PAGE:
The collective memories of a region, community, or nation are shaped by an array of factors that contribute to a shared understanding of a significant event or time in the past. One such negative event that is often ignored or forgotten is the East St. Louis Race Riot that occurred on July 2, 1917. This event was white-washed and forgotten in local, white-owned media outlets, which is evident in newspaper coverage of the riot during the immediate aftermath. In analyzing the coverage of the newspapers, it is crucial to recognize the process of whitewashing that is occurring as the event is being discussed locally. This thesis argues that although the initial press coverage of several St. Louis area papers discussed the riot in detail, there was a white bias from the white editors who aided local and national investigators in whitewashing the event. Contrary to the dominant narratives presented by the white-controlled media, African-American media outlets and authors situated the East St. Louis riot in the context of a national struggle for freedom from oppression as millions of African Americans fled North in hope of escaping Jim Crow customs and violence in the South. The construction of segregated narratives led to the formation of segregated memories of the event in the Metro East region.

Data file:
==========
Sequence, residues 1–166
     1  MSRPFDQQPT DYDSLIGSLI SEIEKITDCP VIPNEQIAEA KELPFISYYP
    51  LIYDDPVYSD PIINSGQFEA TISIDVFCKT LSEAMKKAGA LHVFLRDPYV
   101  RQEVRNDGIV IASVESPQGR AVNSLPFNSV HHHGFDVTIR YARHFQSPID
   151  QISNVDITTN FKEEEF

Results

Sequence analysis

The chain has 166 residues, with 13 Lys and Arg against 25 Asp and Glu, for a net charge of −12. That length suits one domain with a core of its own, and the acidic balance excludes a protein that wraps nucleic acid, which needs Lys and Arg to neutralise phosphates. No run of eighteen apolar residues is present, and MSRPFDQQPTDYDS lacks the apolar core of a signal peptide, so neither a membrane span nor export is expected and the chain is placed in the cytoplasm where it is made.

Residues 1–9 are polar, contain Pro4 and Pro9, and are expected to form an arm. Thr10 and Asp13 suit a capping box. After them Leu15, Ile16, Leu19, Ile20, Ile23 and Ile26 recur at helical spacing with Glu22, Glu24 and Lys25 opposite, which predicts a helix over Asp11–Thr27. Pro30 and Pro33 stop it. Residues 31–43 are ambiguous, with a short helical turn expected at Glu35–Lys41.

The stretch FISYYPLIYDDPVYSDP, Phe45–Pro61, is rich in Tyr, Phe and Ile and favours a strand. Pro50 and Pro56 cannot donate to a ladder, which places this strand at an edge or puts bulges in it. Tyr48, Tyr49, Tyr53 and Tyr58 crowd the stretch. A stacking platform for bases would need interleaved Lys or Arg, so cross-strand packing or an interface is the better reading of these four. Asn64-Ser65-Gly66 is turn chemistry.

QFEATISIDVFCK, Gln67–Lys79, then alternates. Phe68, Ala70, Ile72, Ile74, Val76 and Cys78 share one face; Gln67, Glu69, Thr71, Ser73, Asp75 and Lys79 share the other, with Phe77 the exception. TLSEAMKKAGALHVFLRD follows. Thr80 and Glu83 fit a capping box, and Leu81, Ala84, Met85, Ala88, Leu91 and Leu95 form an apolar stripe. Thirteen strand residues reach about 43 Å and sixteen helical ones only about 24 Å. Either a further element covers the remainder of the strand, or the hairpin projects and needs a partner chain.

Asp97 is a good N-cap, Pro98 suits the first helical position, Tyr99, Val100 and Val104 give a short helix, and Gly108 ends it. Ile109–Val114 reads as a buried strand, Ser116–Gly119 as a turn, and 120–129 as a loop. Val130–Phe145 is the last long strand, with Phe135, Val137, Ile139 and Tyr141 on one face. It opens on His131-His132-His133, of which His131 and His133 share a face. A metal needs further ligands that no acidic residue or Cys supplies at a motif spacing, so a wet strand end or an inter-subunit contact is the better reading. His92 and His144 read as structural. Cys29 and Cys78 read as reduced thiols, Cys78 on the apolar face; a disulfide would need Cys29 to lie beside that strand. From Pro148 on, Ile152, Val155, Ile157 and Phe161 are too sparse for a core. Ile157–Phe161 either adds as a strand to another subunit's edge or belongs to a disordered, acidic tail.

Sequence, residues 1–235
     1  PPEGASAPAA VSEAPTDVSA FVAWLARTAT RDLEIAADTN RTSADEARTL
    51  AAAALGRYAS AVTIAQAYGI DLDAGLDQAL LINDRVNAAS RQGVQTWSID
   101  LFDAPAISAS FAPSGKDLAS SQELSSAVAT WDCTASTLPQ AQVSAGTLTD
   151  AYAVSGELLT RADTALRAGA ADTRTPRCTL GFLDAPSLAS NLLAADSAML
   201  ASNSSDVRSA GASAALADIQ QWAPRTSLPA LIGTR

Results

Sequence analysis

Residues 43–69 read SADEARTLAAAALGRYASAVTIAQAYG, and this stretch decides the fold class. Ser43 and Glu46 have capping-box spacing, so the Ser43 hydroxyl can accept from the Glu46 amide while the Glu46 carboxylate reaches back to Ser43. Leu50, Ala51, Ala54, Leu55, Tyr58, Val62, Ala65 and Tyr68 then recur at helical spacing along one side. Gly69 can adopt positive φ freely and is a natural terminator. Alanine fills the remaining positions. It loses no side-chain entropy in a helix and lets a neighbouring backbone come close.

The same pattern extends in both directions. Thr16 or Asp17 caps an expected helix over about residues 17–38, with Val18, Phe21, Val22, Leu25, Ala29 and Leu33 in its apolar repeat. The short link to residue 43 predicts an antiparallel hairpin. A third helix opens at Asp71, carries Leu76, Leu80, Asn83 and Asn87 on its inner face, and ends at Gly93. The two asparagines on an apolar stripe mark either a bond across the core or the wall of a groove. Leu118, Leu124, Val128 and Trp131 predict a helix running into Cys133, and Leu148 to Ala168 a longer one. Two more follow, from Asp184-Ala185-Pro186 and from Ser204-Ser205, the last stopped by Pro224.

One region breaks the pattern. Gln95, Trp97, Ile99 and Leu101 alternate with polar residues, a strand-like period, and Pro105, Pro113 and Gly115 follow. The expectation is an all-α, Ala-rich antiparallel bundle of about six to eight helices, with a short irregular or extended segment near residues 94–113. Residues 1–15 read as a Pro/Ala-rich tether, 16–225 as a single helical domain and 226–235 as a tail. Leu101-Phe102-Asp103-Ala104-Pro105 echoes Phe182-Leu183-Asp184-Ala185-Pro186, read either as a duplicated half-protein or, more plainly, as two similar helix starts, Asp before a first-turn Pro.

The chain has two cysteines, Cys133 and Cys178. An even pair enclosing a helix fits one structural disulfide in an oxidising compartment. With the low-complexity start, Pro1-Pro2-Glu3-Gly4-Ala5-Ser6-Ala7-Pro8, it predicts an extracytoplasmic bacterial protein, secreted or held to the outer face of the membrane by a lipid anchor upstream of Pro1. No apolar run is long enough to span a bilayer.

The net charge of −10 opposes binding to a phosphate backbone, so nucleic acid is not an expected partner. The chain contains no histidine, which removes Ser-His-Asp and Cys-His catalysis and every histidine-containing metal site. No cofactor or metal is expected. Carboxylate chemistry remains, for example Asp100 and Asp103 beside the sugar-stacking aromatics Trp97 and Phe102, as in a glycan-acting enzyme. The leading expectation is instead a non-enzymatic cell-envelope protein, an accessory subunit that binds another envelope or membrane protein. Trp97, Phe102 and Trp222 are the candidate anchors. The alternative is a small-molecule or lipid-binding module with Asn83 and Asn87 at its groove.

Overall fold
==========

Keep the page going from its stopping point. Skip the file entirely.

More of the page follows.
|Commitee:||Harris, Jessica, Manuel, Jeffrey|
|School:||Southern Illinois University at Edwardsville|
|School Location:||United States -- Illinois|
|Source:||MAI 56/05M(E), Masters Abstracts International|
|Subjects:||African American Studies, American history|
|Keywords:||Collective memory, East st. louis riot, Segregated narratives|
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